must exercise that command, and that I know of no 
way of finding the fit man so good as the fact of 
winning it in the competition of the market. 

* Whether a man can render services entitling him to a fortune as 
great as some of ours in America. 


I already have intimated my opinion that the 
owner of a great fortune has public functions, and 
therefore, subject to legal questions which I am not 
considering, should be subject to some negative 
restraint. Among others, I should like to see him 
prohibited from giving great sums to charities which 
could not be clearly justified as long-sighted public 

The only other question on which I desire to say a 
word is the nature of taxes in this connection. Taxes, 
when thought out in things and results, mean an 
abstraction of a part of the annual product for gov- 
ernment purposes, and cannot mean anything else. 
Whatever form they take in their imposition they 
must be borne by the consumer, that is, mainly by 
the working-men and fighting-men of the community. 
It is well that they should have this fact brought 
home to them, and not too much disguised by the 
form in which the taxes are imposed. 


ONE is almost ashamed to praise a dead master 
for what he did in a field where he was acknowledged 
to be supreme. When his work is finished it is too 
late for praise to give the encouragement which all 
need, and of which the successful get too little. 
Still, there is a pleasure in bearing one's testimony 
even at that late time, and thus in justifying the 
imagination of posthumous power on which all ideal- 
ists and men not seeking the immediate rewards of 
success must live. That imagination, if Mr. Mait- 
land was not, as I fear, too modest to get much joy 
from it, will be realized, I am sure. His profound 
knowledge of the sources of English law equipped 
him, as perhaps no other was equipped, to illustrate 
and explain the present. His knowledge was only a 
tool to his good sense. His good sense and insight 
were illuminated and made vivid by his power of 
statement and gift of narrative, so that any reason- 
ably prepared reader of his writings, even those deal- 
ing with what one would have expected to be dry 
details, is sure to become interested, absorbed, and 
charmed. His last work, the Life of Sir Leslie 
Stephen, was a no less successful excursion into new 
fields, and showed the same gifts, coupled with an 

* Law Quarterly Review (1907). 


unconscious spirituality, which did not surprise, but 
which found freer scope for expression there. To 
elaborate an estimate of Mr. Maitland's achieve- 
ments would require time which my occupations do 
not permit me to give. But I would not willingly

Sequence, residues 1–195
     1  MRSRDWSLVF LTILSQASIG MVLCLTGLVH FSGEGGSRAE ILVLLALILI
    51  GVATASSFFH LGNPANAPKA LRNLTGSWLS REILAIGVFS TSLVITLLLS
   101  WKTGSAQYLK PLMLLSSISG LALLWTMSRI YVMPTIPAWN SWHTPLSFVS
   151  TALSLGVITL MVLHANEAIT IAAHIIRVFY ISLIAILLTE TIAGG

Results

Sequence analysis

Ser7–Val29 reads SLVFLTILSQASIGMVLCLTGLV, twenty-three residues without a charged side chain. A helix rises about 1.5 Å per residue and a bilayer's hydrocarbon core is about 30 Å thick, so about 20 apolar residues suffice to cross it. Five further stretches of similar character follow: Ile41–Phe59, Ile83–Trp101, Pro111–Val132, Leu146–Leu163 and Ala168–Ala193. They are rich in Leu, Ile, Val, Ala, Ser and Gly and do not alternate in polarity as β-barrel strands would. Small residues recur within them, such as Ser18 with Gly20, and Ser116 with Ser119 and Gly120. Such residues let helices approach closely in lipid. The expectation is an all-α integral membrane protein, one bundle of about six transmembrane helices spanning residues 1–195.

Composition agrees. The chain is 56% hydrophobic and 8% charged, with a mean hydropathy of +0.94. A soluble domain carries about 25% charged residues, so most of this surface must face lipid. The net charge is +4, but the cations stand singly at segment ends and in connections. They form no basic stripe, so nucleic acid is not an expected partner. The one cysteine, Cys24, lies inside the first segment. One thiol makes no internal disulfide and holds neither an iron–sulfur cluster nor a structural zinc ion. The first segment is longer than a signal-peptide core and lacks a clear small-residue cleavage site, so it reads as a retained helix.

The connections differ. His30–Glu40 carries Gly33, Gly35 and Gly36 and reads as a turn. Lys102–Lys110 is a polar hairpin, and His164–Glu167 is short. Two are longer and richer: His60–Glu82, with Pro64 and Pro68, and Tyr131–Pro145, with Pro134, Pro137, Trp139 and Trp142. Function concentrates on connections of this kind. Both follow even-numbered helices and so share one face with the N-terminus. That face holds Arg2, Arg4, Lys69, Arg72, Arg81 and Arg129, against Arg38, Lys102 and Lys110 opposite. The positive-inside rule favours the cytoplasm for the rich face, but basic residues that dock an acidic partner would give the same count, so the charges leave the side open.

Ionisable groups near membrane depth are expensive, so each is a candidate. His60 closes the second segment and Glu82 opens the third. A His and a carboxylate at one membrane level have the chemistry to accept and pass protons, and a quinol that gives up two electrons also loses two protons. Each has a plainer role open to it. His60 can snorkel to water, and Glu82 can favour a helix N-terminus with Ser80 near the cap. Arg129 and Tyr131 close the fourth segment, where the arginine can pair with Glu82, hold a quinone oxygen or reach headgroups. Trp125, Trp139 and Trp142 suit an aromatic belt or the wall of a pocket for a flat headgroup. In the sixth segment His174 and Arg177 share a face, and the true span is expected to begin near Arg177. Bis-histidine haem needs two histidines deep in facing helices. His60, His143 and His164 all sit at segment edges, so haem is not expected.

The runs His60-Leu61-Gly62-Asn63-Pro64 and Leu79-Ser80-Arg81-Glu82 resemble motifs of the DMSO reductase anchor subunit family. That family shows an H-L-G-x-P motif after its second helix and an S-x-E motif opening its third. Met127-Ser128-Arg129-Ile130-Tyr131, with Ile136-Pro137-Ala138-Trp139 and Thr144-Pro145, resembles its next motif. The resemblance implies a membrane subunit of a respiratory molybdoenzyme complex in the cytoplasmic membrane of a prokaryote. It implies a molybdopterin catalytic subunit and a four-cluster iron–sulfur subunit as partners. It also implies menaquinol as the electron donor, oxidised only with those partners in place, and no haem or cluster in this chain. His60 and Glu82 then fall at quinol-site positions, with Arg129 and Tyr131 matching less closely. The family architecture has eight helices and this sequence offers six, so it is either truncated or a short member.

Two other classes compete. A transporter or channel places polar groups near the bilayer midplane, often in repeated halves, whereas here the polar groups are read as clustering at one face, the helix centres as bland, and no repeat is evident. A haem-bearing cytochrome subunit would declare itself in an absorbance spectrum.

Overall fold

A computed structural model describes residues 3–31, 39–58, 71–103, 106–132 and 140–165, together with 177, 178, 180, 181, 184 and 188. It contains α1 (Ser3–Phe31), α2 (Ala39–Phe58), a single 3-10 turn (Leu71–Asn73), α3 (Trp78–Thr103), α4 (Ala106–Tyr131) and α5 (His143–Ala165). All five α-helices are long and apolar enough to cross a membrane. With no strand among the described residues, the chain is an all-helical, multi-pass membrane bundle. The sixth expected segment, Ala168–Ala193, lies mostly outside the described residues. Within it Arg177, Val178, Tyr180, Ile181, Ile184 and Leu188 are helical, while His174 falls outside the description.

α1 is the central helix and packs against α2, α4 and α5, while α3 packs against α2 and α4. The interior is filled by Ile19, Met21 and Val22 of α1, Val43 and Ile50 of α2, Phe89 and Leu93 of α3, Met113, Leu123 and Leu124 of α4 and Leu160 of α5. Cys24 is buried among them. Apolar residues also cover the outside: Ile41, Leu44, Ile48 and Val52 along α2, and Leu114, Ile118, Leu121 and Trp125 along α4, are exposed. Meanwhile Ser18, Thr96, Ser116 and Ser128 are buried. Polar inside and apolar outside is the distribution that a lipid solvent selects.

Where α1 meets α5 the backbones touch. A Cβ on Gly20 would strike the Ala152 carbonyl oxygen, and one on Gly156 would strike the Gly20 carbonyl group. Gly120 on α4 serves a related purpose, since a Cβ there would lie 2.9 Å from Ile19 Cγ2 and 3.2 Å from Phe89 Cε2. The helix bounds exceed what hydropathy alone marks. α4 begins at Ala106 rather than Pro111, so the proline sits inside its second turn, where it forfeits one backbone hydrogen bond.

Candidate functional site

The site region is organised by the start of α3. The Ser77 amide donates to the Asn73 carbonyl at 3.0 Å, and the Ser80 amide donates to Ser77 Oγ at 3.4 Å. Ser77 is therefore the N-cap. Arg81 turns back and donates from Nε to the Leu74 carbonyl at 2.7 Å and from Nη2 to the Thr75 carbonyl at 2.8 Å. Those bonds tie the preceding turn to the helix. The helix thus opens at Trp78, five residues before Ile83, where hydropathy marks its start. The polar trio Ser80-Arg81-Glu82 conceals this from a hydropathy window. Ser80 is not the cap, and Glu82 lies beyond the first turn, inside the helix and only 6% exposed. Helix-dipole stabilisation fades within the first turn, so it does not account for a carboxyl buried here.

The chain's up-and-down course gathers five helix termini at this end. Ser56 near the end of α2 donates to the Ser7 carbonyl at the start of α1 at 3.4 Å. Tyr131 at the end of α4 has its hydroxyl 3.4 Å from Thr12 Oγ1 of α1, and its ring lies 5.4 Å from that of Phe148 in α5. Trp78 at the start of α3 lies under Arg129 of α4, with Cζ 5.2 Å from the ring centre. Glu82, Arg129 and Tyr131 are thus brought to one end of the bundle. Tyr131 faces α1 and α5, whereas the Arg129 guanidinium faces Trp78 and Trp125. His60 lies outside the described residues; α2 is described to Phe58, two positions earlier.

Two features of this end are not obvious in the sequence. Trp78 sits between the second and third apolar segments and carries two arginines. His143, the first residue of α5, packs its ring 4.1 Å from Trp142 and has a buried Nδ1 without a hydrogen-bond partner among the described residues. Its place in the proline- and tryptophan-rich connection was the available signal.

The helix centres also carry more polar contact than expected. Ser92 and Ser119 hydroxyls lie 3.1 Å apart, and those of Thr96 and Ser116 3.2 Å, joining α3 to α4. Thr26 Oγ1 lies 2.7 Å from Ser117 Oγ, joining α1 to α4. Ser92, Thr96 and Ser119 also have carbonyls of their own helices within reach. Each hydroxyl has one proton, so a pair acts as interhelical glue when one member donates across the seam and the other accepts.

miss the chance to say what I believe about him, and 
to lay a wreath, if only of dry leaves, upon his grave. 


THE study of English law has been slow to feel 
the impulse of science. But during the last thirty 
years, alongside of the practitioners to whom the law 
is a ragbag from which they pick out the piece and 
color that they want, there have been some students 
who have striven to make their knowledge organic. 
A brilliant result of that effort was Pollock and Mait- 
land's history. Mr. Holdsworth is giving us another. 
The first dealt mainly with the embryology of the sub- 
ject. The present work intends to deal with it in its 
maturity as well; and the two volumes just published 
trace its development through the Year Books to the 
point where we begin to recognize its adult form. A 
development is hard to describe. Mr. Holdsworth is 
to be complimented on the skill with which he has 
done it, although it would be difficult to give an ac- 
count of his book, precisely because of his skill. One 
is made to feel the complex antecedents Saxon tra- 
dition, Norman practice, the Roman law, the charac- 
ter of kings, the rise of Parliament, the varying 
economic needs and aims out of which the plant 
has grown, and one is made to see the growth. The 
reading leaves the conviction that one has received 

* A History of English Law. By W. S. Holdsworth, D.C.L. 
London: Methuen & Co., 1009. 8vo. Vol. II., xxxi, and 572 pp.; VoL 
HI., xxxviii, and 532 pp. Law Quarterly Review (1909). 


the most important of object lessons in the birth and 
life of ideas. The difficulty in remembering the 
details is the difficulty of marking the steps of an 
organic process. One sees that the embryo has taken 
form, gained size and coherence, more readily than 
one marks the moments of the change.